Photo: Courtesy of the Academy of Motion Pictures Arts and Sciences

In yesterday’s New York Times I learned about a series of apartment buildings in Flushing, Queens originally erected for elderly Holocaust survivors. The focus of the article is on the changing demographics of the Martin Lande Building, which is now predominantly Chinese and Korean.

The Martin Lande was “built by Selfhelp Community Services, a nonprofit group started in 1936 to help refugees from Nazi Germany resettle in the United States,” states the article. “When it built its first residence for elderly Holocaust survivors in 1965, Flushing was a logical location,” said Elihu Kover, vice president for Nazi victim services, because the neighborhood was largely Jewish and Italian.

“The residents came mainly from Germany and Austria at first, then later from Eastern Europe and the former Soviet republics. Many had ties to Flushing. They knew the merchants and synagogues. At the organization’s first senior center, which opened in 1975, they played cards and celebrated birthdays and Jewish holidays along with other older adults from the neighborhood. It was their place.”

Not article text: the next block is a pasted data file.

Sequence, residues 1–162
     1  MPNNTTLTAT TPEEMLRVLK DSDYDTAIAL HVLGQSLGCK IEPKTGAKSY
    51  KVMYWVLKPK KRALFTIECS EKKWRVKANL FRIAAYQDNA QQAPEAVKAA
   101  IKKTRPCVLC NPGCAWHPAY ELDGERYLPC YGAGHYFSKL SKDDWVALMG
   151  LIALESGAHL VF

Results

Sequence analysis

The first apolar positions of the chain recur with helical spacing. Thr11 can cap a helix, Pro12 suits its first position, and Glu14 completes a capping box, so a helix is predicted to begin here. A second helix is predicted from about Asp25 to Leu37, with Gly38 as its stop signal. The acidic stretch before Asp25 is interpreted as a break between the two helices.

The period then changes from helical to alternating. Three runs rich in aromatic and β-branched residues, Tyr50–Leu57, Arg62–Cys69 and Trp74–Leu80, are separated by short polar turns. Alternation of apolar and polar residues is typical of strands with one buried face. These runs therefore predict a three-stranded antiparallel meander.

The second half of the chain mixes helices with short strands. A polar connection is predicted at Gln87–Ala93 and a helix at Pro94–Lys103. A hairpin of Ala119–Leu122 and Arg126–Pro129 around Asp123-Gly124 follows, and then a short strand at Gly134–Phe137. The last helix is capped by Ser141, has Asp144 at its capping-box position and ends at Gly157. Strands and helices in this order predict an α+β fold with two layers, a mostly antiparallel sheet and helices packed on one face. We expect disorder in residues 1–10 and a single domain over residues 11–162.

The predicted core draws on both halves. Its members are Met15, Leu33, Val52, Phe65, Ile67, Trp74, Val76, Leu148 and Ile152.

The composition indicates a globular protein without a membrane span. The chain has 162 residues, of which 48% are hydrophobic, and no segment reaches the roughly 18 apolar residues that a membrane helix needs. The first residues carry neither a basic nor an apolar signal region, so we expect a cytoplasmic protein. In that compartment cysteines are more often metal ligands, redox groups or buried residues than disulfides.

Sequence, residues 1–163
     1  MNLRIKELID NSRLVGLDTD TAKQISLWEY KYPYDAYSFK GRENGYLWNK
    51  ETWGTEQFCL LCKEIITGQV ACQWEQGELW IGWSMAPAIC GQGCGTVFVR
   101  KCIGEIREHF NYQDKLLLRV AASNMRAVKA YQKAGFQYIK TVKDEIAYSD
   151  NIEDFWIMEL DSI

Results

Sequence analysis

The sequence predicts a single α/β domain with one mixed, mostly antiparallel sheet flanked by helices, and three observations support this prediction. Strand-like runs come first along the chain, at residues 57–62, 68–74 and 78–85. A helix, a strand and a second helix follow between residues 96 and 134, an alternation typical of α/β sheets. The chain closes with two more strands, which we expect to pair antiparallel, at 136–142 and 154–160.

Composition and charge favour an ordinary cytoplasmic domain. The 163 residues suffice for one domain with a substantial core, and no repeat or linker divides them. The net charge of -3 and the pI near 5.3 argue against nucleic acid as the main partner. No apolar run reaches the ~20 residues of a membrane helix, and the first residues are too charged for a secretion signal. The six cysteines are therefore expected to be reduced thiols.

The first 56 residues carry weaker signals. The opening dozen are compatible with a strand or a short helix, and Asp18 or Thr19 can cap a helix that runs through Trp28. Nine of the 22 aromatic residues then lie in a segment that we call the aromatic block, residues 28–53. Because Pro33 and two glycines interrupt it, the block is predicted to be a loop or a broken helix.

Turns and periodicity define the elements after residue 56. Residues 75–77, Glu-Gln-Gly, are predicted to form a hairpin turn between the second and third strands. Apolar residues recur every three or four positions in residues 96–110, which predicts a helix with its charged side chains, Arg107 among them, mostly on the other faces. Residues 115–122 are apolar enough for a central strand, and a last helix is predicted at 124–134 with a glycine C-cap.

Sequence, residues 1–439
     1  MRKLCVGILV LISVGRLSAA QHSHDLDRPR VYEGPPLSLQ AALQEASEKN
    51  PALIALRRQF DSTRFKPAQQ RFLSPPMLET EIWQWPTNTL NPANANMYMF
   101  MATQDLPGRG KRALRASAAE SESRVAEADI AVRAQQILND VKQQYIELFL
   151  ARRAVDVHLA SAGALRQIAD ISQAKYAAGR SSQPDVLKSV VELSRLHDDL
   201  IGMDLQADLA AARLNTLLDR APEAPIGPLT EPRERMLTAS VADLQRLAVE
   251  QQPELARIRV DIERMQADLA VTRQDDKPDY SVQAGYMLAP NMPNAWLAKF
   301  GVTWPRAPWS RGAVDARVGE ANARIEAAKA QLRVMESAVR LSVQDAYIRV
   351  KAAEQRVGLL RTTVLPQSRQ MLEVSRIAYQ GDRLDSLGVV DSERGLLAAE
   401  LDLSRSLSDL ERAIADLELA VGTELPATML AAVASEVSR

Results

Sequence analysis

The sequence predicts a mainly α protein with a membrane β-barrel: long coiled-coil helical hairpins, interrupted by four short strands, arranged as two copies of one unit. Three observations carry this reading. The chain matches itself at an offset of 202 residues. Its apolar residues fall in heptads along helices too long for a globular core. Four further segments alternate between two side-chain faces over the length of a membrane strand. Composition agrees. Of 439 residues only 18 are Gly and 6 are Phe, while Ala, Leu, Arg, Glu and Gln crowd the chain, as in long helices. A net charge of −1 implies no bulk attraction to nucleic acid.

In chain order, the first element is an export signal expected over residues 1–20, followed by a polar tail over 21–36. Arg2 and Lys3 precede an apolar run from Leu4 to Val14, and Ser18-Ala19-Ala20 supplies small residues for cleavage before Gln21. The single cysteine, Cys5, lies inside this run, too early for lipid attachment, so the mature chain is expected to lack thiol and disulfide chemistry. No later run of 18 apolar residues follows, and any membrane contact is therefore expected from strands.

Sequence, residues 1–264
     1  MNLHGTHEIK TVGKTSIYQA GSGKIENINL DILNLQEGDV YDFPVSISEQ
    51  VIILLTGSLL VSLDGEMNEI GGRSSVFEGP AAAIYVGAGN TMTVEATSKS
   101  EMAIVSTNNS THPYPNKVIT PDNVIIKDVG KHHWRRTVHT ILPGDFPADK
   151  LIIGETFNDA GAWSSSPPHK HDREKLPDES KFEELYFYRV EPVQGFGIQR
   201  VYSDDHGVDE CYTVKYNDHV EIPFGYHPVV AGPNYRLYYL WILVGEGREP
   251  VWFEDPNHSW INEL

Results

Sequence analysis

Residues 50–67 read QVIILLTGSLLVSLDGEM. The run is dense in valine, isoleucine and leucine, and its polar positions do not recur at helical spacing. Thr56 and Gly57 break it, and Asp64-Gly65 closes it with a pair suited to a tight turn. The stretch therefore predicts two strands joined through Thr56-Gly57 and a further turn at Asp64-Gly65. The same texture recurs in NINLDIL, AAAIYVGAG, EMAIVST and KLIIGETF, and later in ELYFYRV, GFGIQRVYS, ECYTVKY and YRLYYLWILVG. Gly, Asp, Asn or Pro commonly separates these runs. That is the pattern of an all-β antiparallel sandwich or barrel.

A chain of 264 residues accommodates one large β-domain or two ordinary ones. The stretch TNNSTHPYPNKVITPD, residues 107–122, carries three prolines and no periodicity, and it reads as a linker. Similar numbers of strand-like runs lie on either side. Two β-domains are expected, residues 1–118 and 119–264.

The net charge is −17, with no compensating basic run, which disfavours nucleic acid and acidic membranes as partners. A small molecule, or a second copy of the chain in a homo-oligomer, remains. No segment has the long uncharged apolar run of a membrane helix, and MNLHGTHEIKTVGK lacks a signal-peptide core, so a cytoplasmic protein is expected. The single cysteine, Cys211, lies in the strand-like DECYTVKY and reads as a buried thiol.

The history is certainly interesting to me but what really pulled me in was something Mr. Kover describes as a “hierarchy of suffering” among survivors to distinguish their hardships from others’.

He explains: “Even in a diminishing community, there is a tendency to divide into subgroups: Russians from Germans, adult survivors from child survivors, people who survived concentration camps from those who fled ahead of the soldiers.”

It’s hard for me not to find a bit of humor in this, as in, “My suffering is worse than yours.” Old Jews trying to outdo each other in pain and agony to the very end. There’s such a Woody Allen element to it that I couldn’t help but chuckle. LMAO-ETIKIS—Laughing My A** Off Even Though I Know I Shouldn’t.